Fighting against sex trafficking, a survivor shares her story

Published: Nov. 21, 2016 at 5:17 PM CST
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In a recent study done by Creighton University called the Human Trafficking Initiative, alarming details were unveiled as to where sex trafficking "hot spots" have been identified here in the Metro.

Statistics were gathered off an Omaha classifieds website called Backpage. Clicks, hits, wording and demographics were all recorded to come up with a map showcasing where sex trafficking is most concentrated.

The map shows that there is a small area of concern in the Old Market. Analyzers attribute this to a lot of tourism – a lot of people visiting from out of state.

The second area of concern is Council Bluffs. Experts suggest this likely has a lot to do with the casinos, again, attracting out-of-towners with disposable income.

One of the largest areas of concern is West Omaha, a place dominated by white, affluent men.

Anna Brewer, a former FBI Special Agent, has spent a lot of time investigating sex-trafficking in the Metro. She recently joined the board for Magdalene Omaha - a safe haven for sex-trafficking victims.

She decided to get involved because she saw first-hand what kind of impact this lifestyle has on a victim.

"But I'm also fed up with the buyer and the consumer, and the fact that those people live among us, yet they think they go unnoticed,” Brewer said. “And that's just not tolerated, anymore. We need to have a call to action to stop this. So no buyers, no trafficking."

That's what Craig Loya, the board president for Magdalene Omaha, is trying to accomplish. His goal is to build a community of women who have survived this very crime.

"The community not only transforms the lives of the women who are survivors, but the women who are survivors, transform communities, and help us all to challenge a culture that fosters different forms of addiction and that tolerates different forms of violence against women,” said Loya.

But what does that violence against women look like? What does a day in the life of a sex-trafficking victim look like?

Sakura Yodogawa-Campbell is a Victim Advocate in the Sarpy County Attorney’s Office.

"I am also a survivor of sex trafficking,” Yodogawa-Campbell said.

Her story starts as a child.

"I wasn't sure who I was, didn't really like myself, always trying to fit in."

Low self-esteem had set her up for a string of unhealthy relationships – abusive, at best.

"It led me to what would ultimately be my trafficker, which was then, somebody I was dating at the time."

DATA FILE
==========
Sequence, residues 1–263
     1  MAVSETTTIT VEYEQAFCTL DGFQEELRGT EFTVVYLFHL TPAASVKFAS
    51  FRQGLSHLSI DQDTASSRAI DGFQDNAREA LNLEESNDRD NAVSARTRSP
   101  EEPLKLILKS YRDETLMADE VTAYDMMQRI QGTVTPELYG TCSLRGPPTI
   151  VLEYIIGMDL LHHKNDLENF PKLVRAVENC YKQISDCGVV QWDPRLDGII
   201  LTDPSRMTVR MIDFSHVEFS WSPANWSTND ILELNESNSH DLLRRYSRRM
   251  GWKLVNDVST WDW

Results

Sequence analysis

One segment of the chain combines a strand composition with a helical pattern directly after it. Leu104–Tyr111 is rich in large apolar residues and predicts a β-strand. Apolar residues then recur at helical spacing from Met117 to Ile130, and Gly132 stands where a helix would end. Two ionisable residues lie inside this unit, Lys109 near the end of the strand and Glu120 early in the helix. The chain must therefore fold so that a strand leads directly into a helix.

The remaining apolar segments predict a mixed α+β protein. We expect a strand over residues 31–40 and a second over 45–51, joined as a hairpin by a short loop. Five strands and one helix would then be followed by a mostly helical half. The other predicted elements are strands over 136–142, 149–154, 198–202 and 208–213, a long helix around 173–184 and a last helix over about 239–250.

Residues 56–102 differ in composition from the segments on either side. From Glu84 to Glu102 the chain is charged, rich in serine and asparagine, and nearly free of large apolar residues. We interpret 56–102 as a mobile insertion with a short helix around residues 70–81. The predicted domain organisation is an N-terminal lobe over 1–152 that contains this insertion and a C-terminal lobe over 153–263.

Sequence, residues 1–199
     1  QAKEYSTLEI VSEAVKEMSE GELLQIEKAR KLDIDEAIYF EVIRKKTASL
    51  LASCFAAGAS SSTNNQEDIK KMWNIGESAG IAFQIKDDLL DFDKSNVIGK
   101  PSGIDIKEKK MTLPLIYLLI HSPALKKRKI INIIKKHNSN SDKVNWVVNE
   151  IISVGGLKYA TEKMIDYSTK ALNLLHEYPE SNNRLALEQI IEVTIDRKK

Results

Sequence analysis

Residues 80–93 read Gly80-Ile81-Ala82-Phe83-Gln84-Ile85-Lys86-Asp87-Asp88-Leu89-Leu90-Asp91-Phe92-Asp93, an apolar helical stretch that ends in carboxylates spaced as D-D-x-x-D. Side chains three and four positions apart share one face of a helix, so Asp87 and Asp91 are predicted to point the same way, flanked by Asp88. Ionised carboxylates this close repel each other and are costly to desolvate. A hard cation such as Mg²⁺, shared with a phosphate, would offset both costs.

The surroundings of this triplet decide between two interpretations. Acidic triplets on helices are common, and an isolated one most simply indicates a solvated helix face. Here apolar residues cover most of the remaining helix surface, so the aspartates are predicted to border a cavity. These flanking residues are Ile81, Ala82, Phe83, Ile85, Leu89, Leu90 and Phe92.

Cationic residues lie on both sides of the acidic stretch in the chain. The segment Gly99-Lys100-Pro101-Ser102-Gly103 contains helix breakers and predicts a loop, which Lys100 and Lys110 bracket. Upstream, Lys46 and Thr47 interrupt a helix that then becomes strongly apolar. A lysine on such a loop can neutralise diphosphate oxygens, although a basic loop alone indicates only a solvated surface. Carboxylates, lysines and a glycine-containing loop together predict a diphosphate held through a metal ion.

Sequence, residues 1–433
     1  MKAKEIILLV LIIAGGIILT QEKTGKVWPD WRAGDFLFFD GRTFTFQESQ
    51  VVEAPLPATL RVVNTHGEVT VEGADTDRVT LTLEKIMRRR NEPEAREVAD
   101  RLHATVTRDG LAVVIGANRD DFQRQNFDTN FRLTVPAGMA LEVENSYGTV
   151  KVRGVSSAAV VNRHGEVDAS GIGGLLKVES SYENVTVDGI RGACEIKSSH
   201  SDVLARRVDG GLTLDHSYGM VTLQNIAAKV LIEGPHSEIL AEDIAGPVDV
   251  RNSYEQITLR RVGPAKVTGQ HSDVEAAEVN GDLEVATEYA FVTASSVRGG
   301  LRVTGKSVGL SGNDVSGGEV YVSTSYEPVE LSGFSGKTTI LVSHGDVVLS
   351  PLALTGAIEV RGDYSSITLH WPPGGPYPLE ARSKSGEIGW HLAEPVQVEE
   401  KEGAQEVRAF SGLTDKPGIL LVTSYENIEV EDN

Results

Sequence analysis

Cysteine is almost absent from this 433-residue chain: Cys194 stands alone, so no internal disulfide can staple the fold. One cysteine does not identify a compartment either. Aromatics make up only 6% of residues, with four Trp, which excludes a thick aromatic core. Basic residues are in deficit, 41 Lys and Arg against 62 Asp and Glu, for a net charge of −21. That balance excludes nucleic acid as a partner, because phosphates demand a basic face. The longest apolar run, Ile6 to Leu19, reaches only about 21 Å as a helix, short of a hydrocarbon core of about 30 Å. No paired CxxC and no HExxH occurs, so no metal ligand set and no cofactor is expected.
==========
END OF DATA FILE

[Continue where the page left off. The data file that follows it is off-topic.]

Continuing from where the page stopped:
No two days were ever the same, with her trafficker.

"Just because some days you could go through laughing and joking around, having a good time, relaxed, for the most part, and nothing would ever happen."

But because she was able to work full time, it was “pay day” she dreaded most.

"That was when things would get really intense, because it was very common for him to take all of my money from my paycheck, and I would have to do certain things in order to earn the money back."

It wasn't just her money he would take. Her trafficker started making money off of her.

She said, “At first it was having others watch, and then it was involving others."

There was always violence, she said, but it eventually took a turn for the worse.

Her trafficker nearly strangled her to death on more than one occasion. Sakura finally walked away.

"But I had to get to the point where I recognized that I deserve to live, and I don't deserve to live like this."

Today, there are only faint reminders of what she went through. She has scars from cutting herself back then in an effort to numb the pain, but they are now covered in tattoos.

Her voice now serves as hope for others who are looking to get out.

"And stay out of these situations, because there's heavy drawback into it, when you start hitting those barriers, of not being able to find steady work, bills are coming up, rent's due, utilities getting shut off, it's very easy, sometimes, to resort back to what we know."

Magdalene Omaha is expected to be up and running before the year 2018. They are relying on donations to make this a reality. If you or someone you know caught up in similar violence, or you’re interested in donating to Magdalene Omaha, visit